Mastering Analytical Competencies

To achieve analytics sophistication, we found, organizations typically master three competencies: (1) information management, (2) analytics skills and tools and (3) data-oriented culture. We then dug deeper to define the capabilities required to achieve each one (see Figure 9).

FIGURE 9: Analytics Competencies

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To help organizations improve on these competencies, we analyzed the specific capabilities required for each and compared the proficiency levels of Transformed organizations, which have largely mastered the competency, with Aspirational organizations, which lack most of the key capabilities.

Competency #1: Information Management

Companies with a strong information foundation are able to tackle business objectives critical to the future of the entire enterprise. Their robust data foundation makes it possible to capture, combine and use information from many sources, and disseminate it so that individuals throughout the organization, and at virtually every level, have access to it. This ability to integrate information across functional and business silos is a hallmark of Transformed organizations, which are 4.9 times more likely to do this well than the Aspirational group.

The information management competency involves expertise in a variety of techniques for managing data and developing a common architecture for integration, portability and storage. In a world where the quantity of data continues to rise astoundingly, standards for data quality must be established with rigorous consistency across all business units and functions. Is data being extracted from disparate data sources, both internal and external, accurately and thoroughly? Can it be used by multiple business units and functions? Is it compatible with existing processes? Can it be managed in real time, or nearly so?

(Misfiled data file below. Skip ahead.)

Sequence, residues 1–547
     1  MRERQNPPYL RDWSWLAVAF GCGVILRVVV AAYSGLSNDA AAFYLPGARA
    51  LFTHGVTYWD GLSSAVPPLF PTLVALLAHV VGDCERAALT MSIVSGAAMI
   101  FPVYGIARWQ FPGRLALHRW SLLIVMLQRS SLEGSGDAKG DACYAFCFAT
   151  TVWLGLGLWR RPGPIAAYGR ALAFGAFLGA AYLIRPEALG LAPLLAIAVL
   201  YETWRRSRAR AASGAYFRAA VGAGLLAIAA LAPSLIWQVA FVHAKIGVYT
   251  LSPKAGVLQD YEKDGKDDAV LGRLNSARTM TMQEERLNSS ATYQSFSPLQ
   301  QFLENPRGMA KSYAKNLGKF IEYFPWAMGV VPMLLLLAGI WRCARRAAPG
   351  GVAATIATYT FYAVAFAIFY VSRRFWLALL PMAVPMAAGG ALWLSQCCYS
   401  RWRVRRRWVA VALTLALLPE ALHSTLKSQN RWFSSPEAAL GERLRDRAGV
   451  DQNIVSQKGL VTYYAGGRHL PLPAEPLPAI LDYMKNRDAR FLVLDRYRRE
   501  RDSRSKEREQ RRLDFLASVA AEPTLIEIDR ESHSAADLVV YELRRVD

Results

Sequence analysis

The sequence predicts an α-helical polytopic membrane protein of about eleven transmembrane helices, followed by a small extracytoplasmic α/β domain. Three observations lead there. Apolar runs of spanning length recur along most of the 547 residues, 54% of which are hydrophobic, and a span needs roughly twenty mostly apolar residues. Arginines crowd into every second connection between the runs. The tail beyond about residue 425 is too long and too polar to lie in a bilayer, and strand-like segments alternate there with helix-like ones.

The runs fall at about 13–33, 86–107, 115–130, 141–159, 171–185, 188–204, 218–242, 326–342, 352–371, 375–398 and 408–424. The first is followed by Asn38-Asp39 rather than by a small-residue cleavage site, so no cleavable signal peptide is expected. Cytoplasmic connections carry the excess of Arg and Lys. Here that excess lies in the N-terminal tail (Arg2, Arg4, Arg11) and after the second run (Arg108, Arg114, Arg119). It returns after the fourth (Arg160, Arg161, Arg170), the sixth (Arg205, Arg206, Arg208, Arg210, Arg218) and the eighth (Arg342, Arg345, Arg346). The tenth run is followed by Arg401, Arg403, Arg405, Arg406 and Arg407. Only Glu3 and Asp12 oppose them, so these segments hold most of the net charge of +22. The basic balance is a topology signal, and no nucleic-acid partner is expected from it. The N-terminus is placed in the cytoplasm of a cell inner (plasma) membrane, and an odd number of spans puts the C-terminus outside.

Information management competency:

The use of methodologies, techniques and technologies that address data architecture, extraction, transformation, movement, storage, integration and governance of enterprise information and master data management.

This competency also involves a rigorous approach to data governance, a structured management approach designed to track strategic objectives against the allocation of analytical resources. Decision makers at every level of the organization can then be confident they have the right information to do their jobs effectively and make informed decisions using analytics to guide day-to-day operations and future strategies.

Transformed organizations effectively manage data: (percent proficient, Transformed versus Aspirational organizations)

Capability: Solid information foundation

  • Integrate data effectively — 74% versus 15%
  • Capture data effectively — 80% versus 29%.

Capability: Standardized data management practices

  • Use a structured prioritization process for project selection — 80% versus 45%
  • Use business rules effectively — 73% versus 39%.

Capability: Insights accessible and available

  • Make information readily accessible to employees — 65% versus 21%
  • Make insights readily available to all employees — 63% versus 16%.

Competency #2: Analytics Skills and Tools